What the storm leaves behind

Writer: Derrick Shaw
Published: Updated:

The Priorities

  • Pump or bail water out of the house as soon as possible.
  • Open the windows to let the house air out and give the walls and floors a chance to dry.
  • Shovel mud out before it can dry, then scrub floors and walls with a brush and mild soap and water.
  • Make sure all appliances are unplugged as a general safety precaution.

Storm Debris

  • It will be necessary to separate your curb side trash. Cleanup debris will be accepted by priority. As soon as roads are cleared, raw garbage such as animal, fruit or vegetable waste will be collected.
  • The second priority will be normal household garbage including food waste.
  • The third priority is yard waste. Place trees, branches and the like in piles that can be easily managed by collection personnel.
  • And finally, the last priority will be construction debris such as lumber, roofing, concrete and similar materials. Your county may accept food waste at the Waste Management facility. Contact the facility for drop-off hours.


Debris Removal Information:

  • Charlotte: 941-575-3600
  • Collier: 239-252-2380
  • DeSoto: 863-993-4831
  • Glades: 863-946-6020
  • Hendry: 863-612-4700
  • Lee: 239-533-8000


As soon as the hurricane ends, looting can begin. With walls and more blown away – and since many homes belong to snowbirds summering up north – homes become easy targets.

The fear of looting is widespread within the community and many residents stay in their damaged homes to protect their valuables. However, it is important to note that incidences of crime are actually statistically lower after a disaster. A curfew may be enacted for several nights to combat theft and vandalism.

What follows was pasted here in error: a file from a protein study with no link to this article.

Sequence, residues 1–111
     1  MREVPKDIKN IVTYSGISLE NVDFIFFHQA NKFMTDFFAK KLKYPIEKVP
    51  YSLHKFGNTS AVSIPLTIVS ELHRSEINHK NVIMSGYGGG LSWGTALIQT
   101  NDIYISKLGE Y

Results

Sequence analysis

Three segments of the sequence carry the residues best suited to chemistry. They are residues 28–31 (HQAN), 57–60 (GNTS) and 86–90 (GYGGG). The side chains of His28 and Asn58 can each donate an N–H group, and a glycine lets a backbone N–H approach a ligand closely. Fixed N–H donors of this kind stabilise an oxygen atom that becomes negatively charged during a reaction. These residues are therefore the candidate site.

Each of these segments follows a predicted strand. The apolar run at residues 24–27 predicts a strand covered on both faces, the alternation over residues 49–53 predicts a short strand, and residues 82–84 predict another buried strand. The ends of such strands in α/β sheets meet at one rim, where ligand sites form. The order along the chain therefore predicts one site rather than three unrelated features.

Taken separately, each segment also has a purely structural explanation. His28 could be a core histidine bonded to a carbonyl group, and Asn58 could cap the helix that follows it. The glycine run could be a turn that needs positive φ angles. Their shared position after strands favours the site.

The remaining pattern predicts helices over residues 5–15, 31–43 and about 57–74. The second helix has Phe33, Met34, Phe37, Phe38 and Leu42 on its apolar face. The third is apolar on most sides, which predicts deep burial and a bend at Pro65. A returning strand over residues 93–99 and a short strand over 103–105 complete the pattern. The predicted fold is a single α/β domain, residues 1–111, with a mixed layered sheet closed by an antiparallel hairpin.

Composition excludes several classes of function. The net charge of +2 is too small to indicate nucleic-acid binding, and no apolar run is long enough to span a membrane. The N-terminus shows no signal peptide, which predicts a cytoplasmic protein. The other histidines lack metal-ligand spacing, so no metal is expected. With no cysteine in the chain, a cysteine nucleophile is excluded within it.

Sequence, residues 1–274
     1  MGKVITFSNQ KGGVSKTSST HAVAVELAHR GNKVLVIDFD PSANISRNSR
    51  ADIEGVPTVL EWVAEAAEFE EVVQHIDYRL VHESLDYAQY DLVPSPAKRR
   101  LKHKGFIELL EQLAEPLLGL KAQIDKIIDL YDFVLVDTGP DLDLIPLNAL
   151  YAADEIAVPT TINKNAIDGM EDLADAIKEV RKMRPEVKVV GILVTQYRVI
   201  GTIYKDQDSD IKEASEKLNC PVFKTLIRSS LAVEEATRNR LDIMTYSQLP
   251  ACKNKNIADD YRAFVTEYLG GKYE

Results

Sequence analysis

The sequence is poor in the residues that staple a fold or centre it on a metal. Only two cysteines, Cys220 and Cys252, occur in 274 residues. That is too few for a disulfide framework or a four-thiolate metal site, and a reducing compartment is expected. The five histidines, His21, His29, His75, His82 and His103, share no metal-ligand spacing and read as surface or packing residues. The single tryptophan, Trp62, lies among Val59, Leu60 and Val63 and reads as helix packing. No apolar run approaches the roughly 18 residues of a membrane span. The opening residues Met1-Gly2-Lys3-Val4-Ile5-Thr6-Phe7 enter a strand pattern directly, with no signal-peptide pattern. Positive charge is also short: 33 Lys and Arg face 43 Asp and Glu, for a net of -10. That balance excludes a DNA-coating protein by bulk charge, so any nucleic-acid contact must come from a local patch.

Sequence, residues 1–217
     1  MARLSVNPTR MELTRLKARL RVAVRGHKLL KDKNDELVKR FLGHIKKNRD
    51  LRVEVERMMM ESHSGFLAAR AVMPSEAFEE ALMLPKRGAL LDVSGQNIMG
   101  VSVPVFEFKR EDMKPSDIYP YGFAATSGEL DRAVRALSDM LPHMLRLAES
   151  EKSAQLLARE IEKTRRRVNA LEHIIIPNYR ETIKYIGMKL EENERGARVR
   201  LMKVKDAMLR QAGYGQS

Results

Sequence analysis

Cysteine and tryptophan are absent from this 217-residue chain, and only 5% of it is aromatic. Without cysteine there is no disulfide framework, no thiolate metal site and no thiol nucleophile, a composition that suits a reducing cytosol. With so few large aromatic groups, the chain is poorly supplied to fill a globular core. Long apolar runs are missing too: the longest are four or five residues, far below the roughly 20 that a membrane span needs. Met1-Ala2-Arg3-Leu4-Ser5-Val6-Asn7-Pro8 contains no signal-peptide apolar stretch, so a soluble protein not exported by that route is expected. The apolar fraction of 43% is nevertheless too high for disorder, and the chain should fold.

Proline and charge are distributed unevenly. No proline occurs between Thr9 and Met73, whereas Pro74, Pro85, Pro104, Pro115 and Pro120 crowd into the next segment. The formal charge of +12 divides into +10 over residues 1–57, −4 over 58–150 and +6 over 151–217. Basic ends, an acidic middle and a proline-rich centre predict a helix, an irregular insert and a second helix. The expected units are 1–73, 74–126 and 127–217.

Pool Care

  • Remove as much debris by hand as possible and lower the water level to normal.
  • Add a chlorinator, as in the form of the 10 percent hypochlorite granules commonly known as shock. Super chlorinate again and clean the filter frequently until the pool is back to normal.
  • Have the gas company reconnect the heater line. If your pool needs structural repairs, choose a contractor carefully.


Stoves & Ovens:

  • Clean the outside with a grease cutter, then with detergent and water.
  • Clean the inside with conventional oven cleaner.

Refrigerators & Freezers:

  • To remove odors, wash the inside and the plastic door gasket with detergent and water.
  • Rinse with a cloth and clear water. Wipe dry.

Washers & Dryers:

  • Pour a disinfectant into the empty washer. Run a 15-minute cycle using the hot water setting.
  • Unplug the dryer and wipe the drum and dryer door with a cloth dipped in disinfectant solution.
  • Rinse with a cloth dipped in clear water.
  • Leave the dryer door open until all parts are dry, preferably overnight.
  • Leave the dishwasher door open until all parts are dry.

Books & Papers:

  • Place books on end with leaves separated. When they are partially dry, pile and press books. Alternate drying and pressing until thoroughly dry.
  • If books and papers are very damp, sprinkle some cornstarch between the pages to absorb moisture. Leave on for several hours, then brush off.
  • When papers and books are almost dry, try using an electric iron set on low heat to flatten the pages.
  • Separate the pages to prevent musty odors.
  • When books are completely dry, close them and clamp them closed to help them retain their shape.
  • Photocopy important papers because they may quickly disintegrate, even if they have dried out.

Generator Hazards

  • From 1999 to 2010, nearly 600 generator-related carbon monoxide deaths have been reported.
  • Be sure to read the owner’s manual and follow the manufacturer’s recommendations!
  • Do NOT use a generator until it is properly grounded.
  • Plug devices directly into the generator. NEVER “back feed” your house circuits or connect your generator to your house wiring. Do NOT overload the generator capacity.
  • BE AWARE OF CARBON MONOXIDE POISONING. Never use a generator indoors, outside under a window, on a covered patio, or in any space without adequate ventilation.
  • Keep flammable items away. The generator exhaust system is very hot.
  • NEVER refuel your generator inside your home or while it is hot. A serious fire could result.
  • Prevent electric shock. Do NOT use in wet areas.
  • Check all electrical cords to be sure the insulation is in good condition and check the oil and fuel level before starting motor.

Copyright ©2023 Fort Myers Broadcasting. All rights reserved.

This material may not be published, broadcast, rewritten, or redistributed without prior written consent.